Getting interactive with manufacturing
Date: 10/3/2014 through 10/3/2014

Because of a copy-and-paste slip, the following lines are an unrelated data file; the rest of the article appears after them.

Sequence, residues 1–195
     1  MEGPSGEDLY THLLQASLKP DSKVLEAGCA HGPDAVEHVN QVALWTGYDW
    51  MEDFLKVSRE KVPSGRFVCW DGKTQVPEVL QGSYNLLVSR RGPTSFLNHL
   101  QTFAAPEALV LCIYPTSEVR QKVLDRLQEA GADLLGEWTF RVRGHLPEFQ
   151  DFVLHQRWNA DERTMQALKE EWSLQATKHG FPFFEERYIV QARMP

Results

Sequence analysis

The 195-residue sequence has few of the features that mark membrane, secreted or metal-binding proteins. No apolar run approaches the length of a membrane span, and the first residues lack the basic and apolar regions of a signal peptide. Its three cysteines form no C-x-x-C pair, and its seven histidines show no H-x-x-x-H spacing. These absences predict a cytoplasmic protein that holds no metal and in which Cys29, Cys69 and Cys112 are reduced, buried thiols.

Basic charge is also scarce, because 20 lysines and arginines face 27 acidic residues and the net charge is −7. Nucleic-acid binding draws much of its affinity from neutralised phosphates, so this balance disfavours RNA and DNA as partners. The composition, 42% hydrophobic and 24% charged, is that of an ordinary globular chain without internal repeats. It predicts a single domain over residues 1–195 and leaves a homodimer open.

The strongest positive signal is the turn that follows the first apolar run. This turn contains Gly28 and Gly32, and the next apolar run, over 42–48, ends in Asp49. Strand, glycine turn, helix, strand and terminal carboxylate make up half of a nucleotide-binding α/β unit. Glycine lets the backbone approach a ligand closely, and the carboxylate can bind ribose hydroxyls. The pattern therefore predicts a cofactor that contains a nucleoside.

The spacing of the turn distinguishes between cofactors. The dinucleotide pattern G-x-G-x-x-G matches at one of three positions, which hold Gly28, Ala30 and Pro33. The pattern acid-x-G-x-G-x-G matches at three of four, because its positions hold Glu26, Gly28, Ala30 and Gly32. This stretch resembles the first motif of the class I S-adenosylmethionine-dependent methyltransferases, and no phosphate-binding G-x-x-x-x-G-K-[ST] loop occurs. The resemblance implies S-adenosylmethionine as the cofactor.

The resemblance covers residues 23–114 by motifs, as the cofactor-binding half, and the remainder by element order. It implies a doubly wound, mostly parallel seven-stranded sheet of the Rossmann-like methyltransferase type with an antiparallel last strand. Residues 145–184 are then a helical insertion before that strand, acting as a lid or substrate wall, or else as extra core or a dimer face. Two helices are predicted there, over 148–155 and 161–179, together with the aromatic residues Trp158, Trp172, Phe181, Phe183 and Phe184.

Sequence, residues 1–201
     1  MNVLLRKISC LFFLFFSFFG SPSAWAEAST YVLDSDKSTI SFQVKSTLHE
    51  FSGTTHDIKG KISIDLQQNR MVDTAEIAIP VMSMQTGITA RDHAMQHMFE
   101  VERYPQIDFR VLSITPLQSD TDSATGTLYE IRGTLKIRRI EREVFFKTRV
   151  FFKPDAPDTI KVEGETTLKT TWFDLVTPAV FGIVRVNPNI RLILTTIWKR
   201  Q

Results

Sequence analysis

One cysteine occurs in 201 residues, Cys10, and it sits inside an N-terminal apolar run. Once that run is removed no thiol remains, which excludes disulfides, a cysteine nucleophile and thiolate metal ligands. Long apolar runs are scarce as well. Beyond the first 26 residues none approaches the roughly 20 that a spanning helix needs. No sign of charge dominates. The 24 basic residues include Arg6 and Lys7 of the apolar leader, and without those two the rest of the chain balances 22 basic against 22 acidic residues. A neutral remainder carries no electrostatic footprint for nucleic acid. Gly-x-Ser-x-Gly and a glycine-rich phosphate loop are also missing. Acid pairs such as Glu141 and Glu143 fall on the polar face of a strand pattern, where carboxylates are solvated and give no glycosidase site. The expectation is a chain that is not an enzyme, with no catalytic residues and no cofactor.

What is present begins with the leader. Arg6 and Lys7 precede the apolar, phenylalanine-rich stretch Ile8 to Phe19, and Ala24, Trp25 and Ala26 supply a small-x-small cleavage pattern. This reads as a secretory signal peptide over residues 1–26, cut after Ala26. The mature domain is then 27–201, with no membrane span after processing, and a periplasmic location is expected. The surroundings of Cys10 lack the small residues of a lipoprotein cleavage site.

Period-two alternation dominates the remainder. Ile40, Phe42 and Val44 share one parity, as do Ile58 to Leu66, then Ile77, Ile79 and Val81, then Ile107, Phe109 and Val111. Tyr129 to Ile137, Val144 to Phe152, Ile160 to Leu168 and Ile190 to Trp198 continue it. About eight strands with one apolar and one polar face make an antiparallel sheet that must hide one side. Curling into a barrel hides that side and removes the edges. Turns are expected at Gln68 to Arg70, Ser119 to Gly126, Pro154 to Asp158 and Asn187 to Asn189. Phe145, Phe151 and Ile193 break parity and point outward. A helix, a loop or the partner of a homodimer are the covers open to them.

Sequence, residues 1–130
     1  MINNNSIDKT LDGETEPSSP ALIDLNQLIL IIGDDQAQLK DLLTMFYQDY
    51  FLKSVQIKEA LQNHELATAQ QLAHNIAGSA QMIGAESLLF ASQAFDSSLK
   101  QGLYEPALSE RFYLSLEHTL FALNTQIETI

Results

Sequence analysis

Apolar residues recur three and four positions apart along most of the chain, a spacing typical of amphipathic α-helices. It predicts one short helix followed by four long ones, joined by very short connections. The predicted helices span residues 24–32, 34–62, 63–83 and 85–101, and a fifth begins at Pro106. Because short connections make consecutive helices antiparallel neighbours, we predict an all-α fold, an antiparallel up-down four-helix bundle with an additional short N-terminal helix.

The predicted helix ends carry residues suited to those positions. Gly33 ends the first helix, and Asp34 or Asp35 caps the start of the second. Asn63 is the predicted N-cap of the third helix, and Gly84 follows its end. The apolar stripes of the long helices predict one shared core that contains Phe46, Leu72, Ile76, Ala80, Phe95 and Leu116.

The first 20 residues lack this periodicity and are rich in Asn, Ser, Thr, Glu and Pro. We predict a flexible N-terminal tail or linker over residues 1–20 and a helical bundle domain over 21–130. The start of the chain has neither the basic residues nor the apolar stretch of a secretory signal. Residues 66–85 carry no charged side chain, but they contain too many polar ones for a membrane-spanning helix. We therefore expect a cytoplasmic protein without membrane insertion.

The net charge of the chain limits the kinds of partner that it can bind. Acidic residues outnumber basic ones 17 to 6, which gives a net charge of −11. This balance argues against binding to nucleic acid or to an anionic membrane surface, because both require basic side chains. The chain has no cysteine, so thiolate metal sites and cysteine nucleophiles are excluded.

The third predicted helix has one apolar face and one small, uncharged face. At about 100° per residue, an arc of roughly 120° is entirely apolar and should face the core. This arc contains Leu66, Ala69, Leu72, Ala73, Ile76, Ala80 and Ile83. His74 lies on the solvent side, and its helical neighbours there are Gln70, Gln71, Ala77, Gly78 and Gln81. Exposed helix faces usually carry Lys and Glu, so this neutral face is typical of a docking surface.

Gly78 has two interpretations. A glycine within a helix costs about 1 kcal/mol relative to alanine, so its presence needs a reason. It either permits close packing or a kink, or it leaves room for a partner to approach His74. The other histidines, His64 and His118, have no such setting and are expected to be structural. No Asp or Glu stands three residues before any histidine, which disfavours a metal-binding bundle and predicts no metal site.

HIGHLAND | Students in engineering-related classes at Highland High School heard some tips of the trade during a Manufacturing Day program Friday. Managers from Michigan City-based air-compressor manufacturer Sullivan-Palatek spoke to the group on the day that's set aside nationally to promote American manufacturers and careers in manufacturing. "My background in engineering started at about your age," Richard Miltenberger, engineering manager for industrial products at Sullivan-Palatek told the gathering. He encouraged the students to think about their futures, and how what they're doing now will impact them. "If you don't get that education, life will pass you by," he said. Miltenberger focused on matching one's personality and skills to a career. At Sullivan-Piatek, employees might be in the office doing graphics and design work, or managing the production process in the plant, or dealing directly with customers. "It's important early on you try to find that path," he said. And, "you need to show you can learn," Miltenberger said. However good you are at your job, "you're going to be called on to do it better tomorrow." Proving one's ability to learn and adapt beings early. "Everything your doing today will tell us how well you're able to learn," he told the students. Miltenberger talked about the degree of precision needed from the start of the manufacturing process to the end, and the duties of engineers in manufacturing. He said engineers at companies like Sullivan-Palatek start at about $40,000 a year out of college. In the meantime, students interested in engineering should learn to use software like Microsoft Excel and computer-assisted drafting programs, and to find summer jobs anywhere in a company that employs engineers, even "pushing a broom." Scott Newcomb, director of plant operations at Sullivan-Palatek, told the students to focus on the basics: attendance, attitude, appearance and attentiveness. A variety of local Manufacturing Day events, including the one in Highland, were sponsored by the Center of Workforce Innovations as part of its Ready NWI program, which seeks to align education with employers' future needs. "We thought it was important to build awareness about manufacturing careers in Northwest Indiana," said Sandy Alvarez, business consultant at the center. The organization has arranged tours of manufacturing companies for school counselors, including a recent one to Sullivan-Palatek, and was part of a variety of Manufacturing Day activities at area high schools. Highland High School Principal Patrick Weil said the school's focus "is to do everything we can to prepare kids for both college and careers." He said the school is particularly interested in providing a foundation that will bring students back to Northwest Indiana after graduation. Information about the Ready NWI program and tools for teachers, parents and others to use are available at readynwi.com.